Clear Up the Mysteries: When to Use Credit or Debit for Your Purchases

Examining your 2017 finances, reevaluating your budget, and deciding on your financial strategies for the upcoming year are all excellent things to do right now. Using debit or credit is one decision to make.

Why Credit Cards Are Better

Credit cards come with a lot of benefits. The first is that compared to debit cards, credit cards provide better fraud protection.

According to the Fair Credit Billing Act, credit card businesses are required to provide their cardholders with fraud protection. That equals zero liability for many credit cards.

This is how it goes. You are not liable for any fraudulent charges if you report a lost or stolen credit card before it is used or if the number only—and not the actual card—is stolen. Your responsibility is limited to $50 if you report a loss or theft after a charge has been made.

The regulations are a little bit more intricate for a lost or stolen debit card. You are not liable for any erroneous charges if you report the loss before they are processed. Your obligation is limited to $50 if you disclose the loss within two days of becoming aware of it.

You may be liable for up to $500 in fraudulent charges if you don’t disclose the loss within 60 days of the mailing date of the statement on which the fraudulent charges appear. You can be responsible for the entire bill if you don’t report the loss within that time frame. If you report fraudulent charges within 60 days of the statement mailing date, you are not liable for them if the number but not the card is taken.

On debit cards, card issuers might provide more lenient liability protection. Zero responsibility, for instance, on transactions involving signatures.

The rapidity with which returns are handled is the next benefit provided by credit cards. You often notice the statement credit for returns made with credit cards within a few days. Depending on the merchant and the banks involved, you could have to wait a week or more before the money is returned to your account if the item was purchased with a debit card and the money has already been transferred to the seller.

When it comes to benefits, credit cards typically have an edge over debit cards, such as superior rewards programs, travel advantages, or exclusive access to products and services.

Credit cards can help you establish a strong credit score and profile, which is one of the major benefits of using credit over debit. Your credit report does not include debit cards. To prevent harm to your credit score, use your credit card wisely (pay all bills on time, and keep your balance low).

In Defense of Debit Cards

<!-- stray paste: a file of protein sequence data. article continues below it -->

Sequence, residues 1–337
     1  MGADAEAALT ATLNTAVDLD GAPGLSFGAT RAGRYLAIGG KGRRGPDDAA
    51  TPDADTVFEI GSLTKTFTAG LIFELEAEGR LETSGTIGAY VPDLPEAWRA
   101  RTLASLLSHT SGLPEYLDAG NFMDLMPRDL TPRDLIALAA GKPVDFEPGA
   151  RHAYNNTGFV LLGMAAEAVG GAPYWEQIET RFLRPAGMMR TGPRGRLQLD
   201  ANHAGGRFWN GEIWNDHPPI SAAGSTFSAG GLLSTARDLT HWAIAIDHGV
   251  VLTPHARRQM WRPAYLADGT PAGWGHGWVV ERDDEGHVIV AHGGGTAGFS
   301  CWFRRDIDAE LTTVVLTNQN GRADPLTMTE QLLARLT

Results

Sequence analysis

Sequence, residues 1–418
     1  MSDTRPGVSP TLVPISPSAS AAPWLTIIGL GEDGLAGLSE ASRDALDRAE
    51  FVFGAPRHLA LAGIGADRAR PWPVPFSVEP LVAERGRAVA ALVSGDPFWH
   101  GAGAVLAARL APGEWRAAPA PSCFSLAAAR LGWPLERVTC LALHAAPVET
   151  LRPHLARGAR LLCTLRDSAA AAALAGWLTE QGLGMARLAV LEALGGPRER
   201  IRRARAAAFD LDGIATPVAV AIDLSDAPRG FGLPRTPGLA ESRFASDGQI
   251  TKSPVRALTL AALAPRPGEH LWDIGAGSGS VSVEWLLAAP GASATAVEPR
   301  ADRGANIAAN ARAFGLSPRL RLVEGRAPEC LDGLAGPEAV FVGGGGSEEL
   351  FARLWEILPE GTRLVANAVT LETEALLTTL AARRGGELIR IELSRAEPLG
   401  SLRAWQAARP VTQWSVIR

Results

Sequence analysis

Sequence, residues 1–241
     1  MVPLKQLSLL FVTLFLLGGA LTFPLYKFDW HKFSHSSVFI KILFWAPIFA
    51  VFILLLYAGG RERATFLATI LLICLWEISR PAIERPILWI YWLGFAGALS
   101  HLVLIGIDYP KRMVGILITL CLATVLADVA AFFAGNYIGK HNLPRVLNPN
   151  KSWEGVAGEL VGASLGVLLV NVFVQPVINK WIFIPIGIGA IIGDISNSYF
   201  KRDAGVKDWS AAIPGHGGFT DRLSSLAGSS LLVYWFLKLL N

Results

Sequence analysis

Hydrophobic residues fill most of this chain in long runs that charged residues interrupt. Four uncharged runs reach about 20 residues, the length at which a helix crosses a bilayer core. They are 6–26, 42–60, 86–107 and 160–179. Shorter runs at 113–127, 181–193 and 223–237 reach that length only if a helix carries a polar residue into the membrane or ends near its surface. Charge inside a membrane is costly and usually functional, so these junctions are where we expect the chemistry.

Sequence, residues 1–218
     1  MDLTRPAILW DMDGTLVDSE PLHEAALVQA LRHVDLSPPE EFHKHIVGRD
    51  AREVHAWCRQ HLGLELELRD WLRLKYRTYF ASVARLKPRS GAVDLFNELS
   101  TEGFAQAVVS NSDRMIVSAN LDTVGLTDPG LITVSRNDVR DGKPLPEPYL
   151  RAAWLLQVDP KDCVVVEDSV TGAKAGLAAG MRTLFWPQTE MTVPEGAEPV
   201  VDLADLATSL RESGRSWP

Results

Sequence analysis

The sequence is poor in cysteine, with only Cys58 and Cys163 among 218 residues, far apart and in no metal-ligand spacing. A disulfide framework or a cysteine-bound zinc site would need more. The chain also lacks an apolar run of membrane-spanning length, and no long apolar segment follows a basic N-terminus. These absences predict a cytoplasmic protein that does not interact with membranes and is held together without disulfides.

Debit cards are great because they help you stick to your spending plan. Your checking account is linked to the card, so if the funds are depleted, you are unable to make any purchases. On the other side, credit cards invite you to spend more money than you can afford to pay back. You avoid the surprise of a hefty charge at the end of the month thanks to debit cards.

Debit cards don’t have yearly fees, thus getting one is free.

Debit cards are equally as safe as credit cards, and banks in the United States are currently implementing EMV chip debit cards, which provide better fraud protection.

It may be less expensive to use debit cards than credit cards. Due to the higher processing costs associated with credit card transactions, many businesses may offer savings if you pay with your debit card. The petrol stations under the AMPM name do not, in fact, accept credit cards at the pump. Only by debit.

In some circumstances, you might work out a better deal with a retailer by choosing debit over credit. Debit cards can thus be used to make larger purchases than credit cards.

Depending on the bank, you might also be able to save money on your banking expenses. If you make a particular number of debit purchases each month, some banks will forgo their monthly checking account fees.

Signature or PIN for debit cards?

You may be given the choice to sign for a debit card transaction or to finish it with your PIN in some circumstances. You most likely need to sign in order to earn points on your purchases if you have a debit card that can do so (not very popular these days). You won’t be able to obtain cash back if you use a signature, even from a business that rewards PIN transactions with cash back.

Additionally, since signature transactions could incur higher fees from the bank, the shop might require a PIN instead or charge you for the transaction. Finally, it could take longer for a signature transaction to post to your account (depending on the merchant and how their bank processes the transaction). PIN transactions typically appear in your account balance immediately following the sale.

Swipe or dip your card and choose “credit” if you do wish to complete the purchase without a PIN and instead with your signature (or ask the cashier to select credit).

Tips for Shopping and Credit

Whatever mode of payment you choose in 2017, never forget that living within your means is the key to achieving financial success. Limit the amount you charge to what you can afford to pay when the bill comes. Making and adhering to a budget is the only way to move ahead or make headway against debt.

Monitor your accounts (debit and credit) throughout the year to keep track of your balances and promptly identify any shady activity. Use Credit Sesame’s free or paid credit monitoring service to keep an eye on your credit score and the information on your file for even more security.

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